Protecting Water Utilities and Wastewater Treatment Plants

Picture of Mariano Martin Tirado

Mariano Martin Tirado

Tech Leader at Accianoa S. A.

Cybersecurity for Water Utilities Mariano Martin Tirado

The first problem with securing water facilities is that many were built over 20 years ago. None of the common security protocols are in place. No firewalls, no passwords, nothing to prevent cyberattacks. And the reason for this problem is because such capabilities and threats didn’t exist when the water facility was first installed decades ago. So that is the first issue that needs to often be dealt with.

Water utility clients are naturally very concerned about cybersecurity attacks because you only have to watch the news to see the threats cyberattacks pose to water facilities around the world. Nowadays, cyberattacks that try to target these types of facilities do so because of their strategic/critical importance. The attacker’s motivation isn’t for money usually, but rather for clout and bragging rights. There is also a common concern that unfriendly governments will target such facilities as a strategic threat, as well as the common threat of ransomware.

“The first problem with securing water facilities is that many were built over 20 years ago.”

Cyber Threats of Water Utilities

When someone attempts to maliciously access water facilities, there are two main types of motivations. One of them is to SHUTDOWN the facility with the goal of making it not possible to start up again. In water starved areas, this can be a very big problem. The second possible motivation is that someone may try to change the mixing and chemical makeup of the water such as adding too much chlorine, lye, or any other chemicals which can cause a problem to the health of those bathing or drinking the water.

The control systems that run these water systems have many alarms and warnings to make sure the chemicals are within the approved parameters, but if someone takes control of the control systems, they would be able to deactivate these alarms. Manually tested samples are taken from the water too, but usually this is done once a day -not constantly like the automated censors. It could be that the tainted water has already entered the main supply by the time it gets manually tested.

Risks for Wastewater Treatment Plants

Attacks on the wastewater systems are also a big concern. Imagine a big city with the entire wastewater and sewage system not running. It would become a very unpleasant problem very quickly. The motivations and risks from an attack on wastewater systems are similar to an attack on regular water utilities. Concerns are also similar, with the risk of someone breaking or shutting down the wastewater systems, or someone messing with the controls so that sewage is not treated properly, also impacting the health of the people when it is released into the environment.

Water and wastewater are physically separated so that a hacker can’t mix the two, but the wastewater that can’t be treated because of a cyberattack needs to be released by the bypass which then damages the rivers and streams that it is released into.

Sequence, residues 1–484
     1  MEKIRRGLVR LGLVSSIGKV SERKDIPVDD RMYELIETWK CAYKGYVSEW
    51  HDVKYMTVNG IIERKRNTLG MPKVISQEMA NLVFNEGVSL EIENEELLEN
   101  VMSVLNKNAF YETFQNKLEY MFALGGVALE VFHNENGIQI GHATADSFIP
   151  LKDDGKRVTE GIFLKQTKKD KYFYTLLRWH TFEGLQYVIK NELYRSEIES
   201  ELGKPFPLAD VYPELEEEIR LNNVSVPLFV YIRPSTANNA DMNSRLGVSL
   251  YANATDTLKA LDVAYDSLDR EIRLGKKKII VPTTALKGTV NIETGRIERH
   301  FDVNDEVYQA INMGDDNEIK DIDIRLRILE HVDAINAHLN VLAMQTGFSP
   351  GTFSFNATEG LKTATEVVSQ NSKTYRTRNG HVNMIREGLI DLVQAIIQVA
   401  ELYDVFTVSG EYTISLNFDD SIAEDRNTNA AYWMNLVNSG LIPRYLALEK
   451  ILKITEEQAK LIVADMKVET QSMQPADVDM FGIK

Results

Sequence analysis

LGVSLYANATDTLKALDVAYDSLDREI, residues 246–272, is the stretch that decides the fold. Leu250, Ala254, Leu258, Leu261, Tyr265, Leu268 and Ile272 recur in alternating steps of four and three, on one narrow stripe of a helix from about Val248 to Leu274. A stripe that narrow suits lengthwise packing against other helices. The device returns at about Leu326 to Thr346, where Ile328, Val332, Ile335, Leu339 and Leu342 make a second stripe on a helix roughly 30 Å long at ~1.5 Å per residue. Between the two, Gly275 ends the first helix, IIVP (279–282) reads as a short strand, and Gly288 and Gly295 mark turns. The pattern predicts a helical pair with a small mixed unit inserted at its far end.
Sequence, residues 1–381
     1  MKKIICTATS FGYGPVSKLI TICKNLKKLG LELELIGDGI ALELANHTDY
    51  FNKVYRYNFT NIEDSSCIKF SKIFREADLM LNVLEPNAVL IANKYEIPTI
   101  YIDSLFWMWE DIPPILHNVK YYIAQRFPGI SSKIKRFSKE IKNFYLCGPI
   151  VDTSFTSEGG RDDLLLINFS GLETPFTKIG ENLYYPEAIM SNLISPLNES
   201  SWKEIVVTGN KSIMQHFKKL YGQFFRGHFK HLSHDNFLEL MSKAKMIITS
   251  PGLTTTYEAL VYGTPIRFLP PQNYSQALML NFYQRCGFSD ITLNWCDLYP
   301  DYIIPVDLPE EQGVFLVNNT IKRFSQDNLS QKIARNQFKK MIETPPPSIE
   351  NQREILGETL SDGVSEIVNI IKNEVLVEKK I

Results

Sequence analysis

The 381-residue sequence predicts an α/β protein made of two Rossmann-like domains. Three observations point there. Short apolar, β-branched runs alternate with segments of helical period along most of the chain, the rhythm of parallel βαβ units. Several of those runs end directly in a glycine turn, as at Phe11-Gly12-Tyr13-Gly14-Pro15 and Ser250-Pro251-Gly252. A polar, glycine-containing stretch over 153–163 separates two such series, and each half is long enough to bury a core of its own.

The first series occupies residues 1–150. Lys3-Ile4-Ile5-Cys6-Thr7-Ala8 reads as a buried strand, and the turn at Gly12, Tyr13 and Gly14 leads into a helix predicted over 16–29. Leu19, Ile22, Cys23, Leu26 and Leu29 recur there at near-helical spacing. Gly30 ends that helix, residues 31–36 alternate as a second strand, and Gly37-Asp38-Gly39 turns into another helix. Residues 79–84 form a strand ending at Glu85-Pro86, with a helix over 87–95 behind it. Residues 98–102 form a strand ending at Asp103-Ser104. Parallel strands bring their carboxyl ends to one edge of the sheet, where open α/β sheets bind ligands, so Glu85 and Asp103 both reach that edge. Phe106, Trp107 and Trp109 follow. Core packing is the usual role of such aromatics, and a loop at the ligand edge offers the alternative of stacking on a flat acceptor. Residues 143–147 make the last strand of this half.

IT and OT in Water Utilities

The billing of the water facilities is part of the IT system and is kept fully separated from the OT network that ensures the water supply. It is impossible to jump from IT to OT and OT to IT when the systems are properly isolated.

Part of a Supply Chain Attack

There is also a concern of a supply chain attack of someone attacking the electrical systems powering the water utility. With wastewater it is important to not require external power to run. It is very common that solar and clean energy supply part of the energy needs, as well as burning methane that comes off the wastewater. Wastewater treatment plants do use external power, but they don’t rely on it. The newest plants use renewable energy but have a connection to external power just as backup resource. When it comes to water utilities, it isn’t possible to have fully internal power resources. Desalination plants use lots of power that always require external power resources, as well as normal water suppliers that use pumps to move massive water volumes around, which doesn’t apply to wastewater. So supply chain attacks are a threat to Water utilities, but not as much of a threat to wastewater treatment plants.

Keeping Water Infrastructure Secured

The ever-evolving threat landscape requires a proactive approach to securing our water infrastructures. While the age of many facilities presents a challenge, it’s not insurmountable. Upgrading outdated systems with modern security protocols is certainly a step in the right direction, and implementing network segmentation can further secure critical operational technology (OT) networks from the internet and its threats.

About the author
Picture of Mariano Martín Tirado

Mariano Martín Tirado

Mariano is an advanced IT and OT expert with years of experience in Electrical engineering, communication networks, customised software and hardware solutions, and the application of new technology in the industrial sector. He is the technical leader responsible for the digitalization, technology and circular economy department at Acciona for water and wastewater treatment. He is passionate about using his expertise to drive innovation and to make a difference in the future of our planet. He holds degrees in both computer engineering from the college Innovation Luis Vives and in political science from the Complutense University of Madrid.


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